WASHINGTON _ Several members of the National Task Force onAIDS Drug Development on Thursday scolded the drug andbiotechnology industry for claiming that FDA reform was necessaryto re-energize lagging biotech drug development.
The criticisms were lodged at the first of a two-day meeting of thetask force which was finalizing recommendations to the Secretary ofHealth and Human Services on ways to give biotech drug companiesmore incentives to invest in AIDS drug research and development.
The task force proposals include incentives involving tax credits,extending patent terms, streamlining regulations and ensuring accessthrough appropriate reimbursement. Lack of credibility in the biotechindustry's arguments, however, was the most contentious pointraised.
Task force member Peter Staley, who represents the TreatmentAction Group, in New York, criticized the industry for failing todifferentiate itself from more radical proposals to reform FDA thatwould eliminate the agency's independence and terminate thestandards of safety and efficacy for all drugs.
"You have infuriated the AIDS community by not denouncingextreme proposals to reform drug approvals. You have chosen whichbeds you are going to lie in and it is not conducive to a constructivedialog." Staley said.
The public scolding was not what the industry had sought. "Wewould like a public statement in support of FDA legislation," ChuckLudlam, vice president for government relations for theBiotechnology Industry Organization, told the task force. "Thatwould be extremely helpful in moving the process along," he said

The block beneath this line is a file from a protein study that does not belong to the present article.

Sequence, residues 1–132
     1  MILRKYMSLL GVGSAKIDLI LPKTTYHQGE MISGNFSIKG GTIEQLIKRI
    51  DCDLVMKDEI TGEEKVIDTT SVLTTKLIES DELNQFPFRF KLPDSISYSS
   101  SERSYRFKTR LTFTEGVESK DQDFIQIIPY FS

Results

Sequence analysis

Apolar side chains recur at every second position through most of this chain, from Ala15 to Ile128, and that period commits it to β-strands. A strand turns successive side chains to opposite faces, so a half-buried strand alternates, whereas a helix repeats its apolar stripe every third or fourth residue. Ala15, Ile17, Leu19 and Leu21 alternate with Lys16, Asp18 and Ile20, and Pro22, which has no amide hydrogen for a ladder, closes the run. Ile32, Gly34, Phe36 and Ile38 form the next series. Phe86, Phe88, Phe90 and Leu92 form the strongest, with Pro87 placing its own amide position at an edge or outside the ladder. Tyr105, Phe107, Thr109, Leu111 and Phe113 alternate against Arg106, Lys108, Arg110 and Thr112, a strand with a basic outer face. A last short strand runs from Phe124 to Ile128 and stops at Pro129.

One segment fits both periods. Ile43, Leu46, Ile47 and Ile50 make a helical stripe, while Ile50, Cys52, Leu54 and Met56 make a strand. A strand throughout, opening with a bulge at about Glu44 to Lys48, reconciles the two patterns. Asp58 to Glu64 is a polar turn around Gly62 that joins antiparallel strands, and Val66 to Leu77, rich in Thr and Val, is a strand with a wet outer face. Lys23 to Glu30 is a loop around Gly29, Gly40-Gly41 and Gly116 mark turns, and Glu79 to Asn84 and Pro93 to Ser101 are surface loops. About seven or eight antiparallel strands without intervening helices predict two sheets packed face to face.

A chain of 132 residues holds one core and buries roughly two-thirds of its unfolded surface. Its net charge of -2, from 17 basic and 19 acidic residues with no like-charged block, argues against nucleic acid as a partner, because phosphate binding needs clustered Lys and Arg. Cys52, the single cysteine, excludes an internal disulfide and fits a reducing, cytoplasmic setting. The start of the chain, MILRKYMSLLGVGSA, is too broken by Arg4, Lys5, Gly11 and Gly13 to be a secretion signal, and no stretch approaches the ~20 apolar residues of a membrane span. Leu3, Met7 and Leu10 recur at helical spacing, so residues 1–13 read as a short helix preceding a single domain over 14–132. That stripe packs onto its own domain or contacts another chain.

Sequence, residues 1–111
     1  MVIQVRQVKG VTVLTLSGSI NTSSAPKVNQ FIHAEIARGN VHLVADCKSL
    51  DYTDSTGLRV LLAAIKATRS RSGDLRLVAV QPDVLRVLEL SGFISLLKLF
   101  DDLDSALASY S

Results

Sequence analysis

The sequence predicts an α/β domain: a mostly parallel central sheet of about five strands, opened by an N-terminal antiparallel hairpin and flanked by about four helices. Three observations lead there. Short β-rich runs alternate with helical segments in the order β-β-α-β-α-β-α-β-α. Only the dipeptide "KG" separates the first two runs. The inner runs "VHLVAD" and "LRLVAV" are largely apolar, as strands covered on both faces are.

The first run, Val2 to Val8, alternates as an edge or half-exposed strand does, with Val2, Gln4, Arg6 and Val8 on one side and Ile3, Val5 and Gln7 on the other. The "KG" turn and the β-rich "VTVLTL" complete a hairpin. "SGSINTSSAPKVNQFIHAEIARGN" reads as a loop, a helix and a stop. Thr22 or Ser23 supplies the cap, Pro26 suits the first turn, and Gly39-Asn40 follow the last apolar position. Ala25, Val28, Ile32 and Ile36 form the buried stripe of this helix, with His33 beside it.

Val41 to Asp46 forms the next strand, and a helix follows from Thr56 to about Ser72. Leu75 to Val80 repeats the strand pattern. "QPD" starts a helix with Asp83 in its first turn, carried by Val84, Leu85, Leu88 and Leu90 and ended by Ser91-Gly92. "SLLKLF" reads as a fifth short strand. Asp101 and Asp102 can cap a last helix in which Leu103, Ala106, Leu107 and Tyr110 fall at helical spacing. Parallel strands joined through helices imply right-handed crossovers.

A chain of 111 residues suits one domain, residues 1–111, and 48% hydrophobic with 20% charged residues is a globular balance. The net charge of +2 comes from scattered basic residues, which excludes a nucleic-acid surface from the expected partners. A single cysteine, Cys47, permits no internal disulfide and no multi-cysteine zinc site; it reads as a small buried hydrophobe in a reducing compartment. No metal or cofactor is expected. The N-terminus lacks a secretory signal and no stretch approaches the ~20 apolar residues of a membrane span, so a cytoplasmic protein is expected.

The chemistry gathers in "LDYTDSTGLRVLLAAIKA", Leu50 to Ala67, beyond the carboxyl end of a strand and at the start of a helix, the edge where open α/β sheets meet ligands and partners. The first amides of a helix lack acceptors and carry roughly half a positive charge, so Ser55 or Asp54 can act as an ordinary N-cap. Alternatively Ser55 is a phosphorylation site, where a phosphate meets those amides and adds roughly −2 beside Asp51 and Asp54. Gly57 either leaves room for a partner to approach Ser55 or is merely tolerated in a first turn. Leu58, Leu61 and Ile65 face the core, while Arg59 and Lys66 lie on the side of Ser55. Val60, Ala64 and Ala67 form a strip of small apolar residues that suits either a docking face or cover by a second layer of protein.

BIO and other medical products lobbies so far this year have notbeen successful in convincing Congress to act with dispatch on FDAreform legislation.
Tim Westmoreland, senior policy fellow with GeorgetownUniversity's Federal Legislation Clinic, who was an invitedparticipant at the task force meeting, said that "the industry needs todisown immoderate proposals" and needs to tell more conservativesin Congress that some of their proposals go too far.
FDA Commissioner David Kessler said the debate was a matter ofwhether FDA's drug approval process could be repaired throughregulation or that legislation was necessary to make morefundamental changes.
"What I don't understand is how legislation will affect a decision onwhat is the appropriate end point for a clinical trial," Kessler said."And I don't understand how delegating review functions to aninstitutional review board would speed the drug approval process.The issue is a lot more complicated than the industry has portrayed."
Arthur Ammann, a member of the task force and physician whodirects an AIDS treatment project, said the biotech industry needs toshoulder some of the blame itself for the industry's poor showing inthe capital markets. Biotech firms "need to screen possible drugformulations before they go into development," Amman said.
Citing statistics that 80 percent of biotech drugs fail development,Ammann said the industry "cannot blame the agency" entirely for itslack of drugs in Phase III trials.
The task force will consider FDA reform today. Also topping theagenda are protease inhibitors and improved coordination betweenthe FDA and the National Institutes of Health on gene therapy.
Editor's note: BioWorld Today's next issue will provide a completeoverview of how biotech firms will be affected by the task force'srecommendations. n
-- Michele L. Robinson Washington Editor
(c) 1997 American Health Consultants. All rights reserved.